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I suspect it is impossible to split a (any) 3d solid into two, such that each of the pieces is identical in shape (but not volume) to the original. How can I prove this?

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On a related note: Kimmo Eriksson proves in [The American Mathematical Monthly Vol. 103, No. 5 (May, 1996), pp. 393-400] that a convex polygon is splittable in two properly congruent pieces iff it has rotational symmetry. –  Mariano Suárez-Alvarez Sep 7 '10 at 17:16
    
A couple of questions. 1) What exactly does split mean? 2) Why is this tagged topology? –  Aryabhata Sep 7 '10 at 17:25
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Is this connected to the Banach-Tarski paradox? –  Isaac Sep 7 '10 at 18:36
    
Was thinking of a 3d analogue to Pythagoras' Theorem. –  Guillermo Phillips Sep 7 '10 at 19:02
    
Isaac, I don't think so, because that paradox involves dividing a sphere into non-spherical pieces. But I am also curious if there are any solutions involving pathological shapes or division methods. –  Dan Brumleve Sep 8 '10 at 1:13
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2 Answers

You can certainly take a rectangular box, $2^{1/3} \times 2^{2/3} \times 2$ and slice it into two boxes of size $1 \times 2^{1/3} \times 2^{2/3}$.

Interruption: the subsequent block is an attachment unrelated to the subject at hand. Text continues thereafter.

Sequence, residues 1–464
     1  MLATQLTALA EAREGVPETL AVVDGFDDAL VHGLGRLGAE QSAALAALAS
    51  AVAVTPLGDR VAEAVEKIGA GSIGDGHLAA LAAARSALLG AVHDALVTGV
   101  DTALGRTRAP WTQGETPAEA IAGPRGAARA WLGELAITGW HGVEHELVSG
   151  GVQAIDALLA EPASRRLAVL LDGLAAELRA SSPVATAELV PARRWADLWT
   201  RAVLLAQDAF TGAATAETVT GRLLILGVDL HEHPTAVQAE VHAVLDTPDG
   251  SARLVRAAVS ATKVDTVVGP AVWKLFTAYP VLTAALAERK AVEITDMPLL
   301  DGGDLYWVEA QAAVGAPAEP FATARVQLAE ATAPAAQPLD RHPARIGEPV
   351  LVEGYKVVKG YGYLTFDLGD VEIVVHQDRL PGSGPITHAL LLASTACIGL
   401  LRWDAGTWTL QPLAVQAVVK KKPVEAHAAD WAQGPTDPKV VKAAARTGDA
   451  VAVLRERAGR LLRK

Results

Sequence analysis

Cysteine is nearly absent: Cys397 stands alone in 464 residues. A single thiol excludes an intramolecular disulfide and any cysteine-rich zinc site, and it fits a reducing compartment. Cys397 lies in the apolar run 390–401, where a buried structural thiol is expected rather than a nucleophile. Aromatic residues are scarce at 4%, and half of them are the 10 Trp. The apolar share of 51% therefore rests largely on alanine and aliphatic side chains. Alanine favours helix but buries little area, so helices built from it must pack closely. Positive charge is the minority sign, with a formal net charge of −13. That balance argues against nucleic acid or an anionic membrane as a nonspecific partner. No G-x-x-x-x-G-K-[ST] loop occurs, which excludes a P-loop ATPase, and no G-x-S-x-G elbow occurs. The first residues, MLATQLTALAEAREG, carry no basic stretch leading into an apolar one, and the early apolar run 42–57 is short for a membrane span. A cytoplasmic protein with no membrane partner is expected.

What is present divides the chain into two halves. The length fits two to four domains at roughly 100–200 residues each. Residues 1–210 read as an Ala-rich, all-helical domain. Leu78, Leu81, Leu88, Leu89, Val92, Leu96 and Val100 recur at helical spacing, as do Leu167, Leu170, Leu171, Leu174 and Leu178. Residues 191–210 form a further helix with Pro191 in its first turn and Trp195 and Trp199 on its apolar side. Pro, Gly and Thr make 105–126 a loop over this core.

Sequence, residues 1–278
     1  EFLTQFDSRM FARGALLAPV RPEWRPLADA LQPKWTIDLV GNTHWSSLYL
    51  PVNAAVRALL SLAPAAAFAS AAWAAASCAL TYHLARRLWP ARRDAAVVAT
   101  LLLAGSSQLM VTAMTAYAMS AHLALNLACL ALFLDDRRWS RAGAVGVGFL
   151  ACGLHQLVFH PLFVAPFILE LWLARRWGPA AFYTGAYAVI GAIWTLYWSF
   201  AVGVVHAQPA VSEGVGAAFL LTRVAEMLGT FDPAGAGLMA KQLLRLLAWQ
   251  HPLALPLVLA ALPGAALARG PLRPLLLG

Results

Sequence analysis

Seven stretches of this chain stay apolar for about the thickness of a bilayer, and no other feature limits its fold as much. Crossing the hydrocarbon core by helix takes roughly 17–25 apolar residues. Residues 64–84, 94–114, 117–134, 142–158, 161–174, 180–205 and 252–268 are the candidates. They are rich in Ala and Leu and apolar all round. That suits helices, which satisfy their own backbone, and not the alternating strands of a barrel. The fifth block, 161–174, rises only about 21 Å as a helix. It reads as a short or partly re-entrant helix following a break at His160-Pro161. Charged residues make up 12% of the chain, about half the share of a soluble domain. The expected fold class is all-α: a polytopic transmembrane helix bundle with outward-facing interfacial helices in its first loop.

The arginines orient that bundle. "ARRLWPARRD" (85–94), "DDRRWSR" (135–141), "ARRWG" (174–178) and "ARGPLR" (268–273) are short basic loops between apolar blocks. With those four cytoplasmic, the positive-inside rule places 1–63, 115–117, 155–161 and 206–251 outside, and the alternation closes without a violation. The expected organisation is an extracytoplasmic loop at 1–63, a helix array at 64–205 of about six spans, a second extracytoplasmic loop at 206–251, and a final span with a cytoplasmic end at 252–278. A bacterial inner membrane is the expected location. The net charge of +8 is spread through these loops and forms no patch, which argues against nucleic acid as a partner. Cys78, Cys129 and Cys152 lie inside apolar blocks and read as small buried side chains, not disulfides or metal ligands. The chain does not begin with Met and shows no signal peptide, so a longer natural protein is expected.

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I'm confused, doesn't this contradict the theorem in the answer Mariano Suárez-Alvarez wrote? –  anon Sep 7 '10 at 18:47
    
Not impossible then. –  Guillermo Phillips Sep 7 '10 at 18:59
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@muad: Boxes aren't strictly convex. –  whuber Sep 7 '10 at 19:51
    
@whuber, thank you - I understand now –  anon Sep 7 '10 at 20:24
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Also can we make the pieces different sizes and connect them sideways, like a Golden Rectangle? How many different ways are there to do this in n-space? –  Dan Brumleve Sep 8 '10 at 1:37
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It seems that Puppe and others proved that this is impossible for any strictly convex solid. See [B. L van den Waerden, Aufgabe Nr 51, Elem. Math. 4 (1949) 18, 140]

The reference comes from Unsolved problems in geometry by Hallard T. Croft, K. J. Falconer and Richard K. Guy.

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Is it also true that no strictly convex solid can be divided into any two strictly convex pieces, whether or not they are identical with each other or either with the original? –  Dan Brumleve Sep 8 '10 at 1:06
    
@Dab, I would imagine that that is true (for at a point where the two pieces touch which is not at the boundary of the original body at most one of them will be strictly convex) –  Mariano Suárez-Alvarez Sep 8 '10 at 9:51
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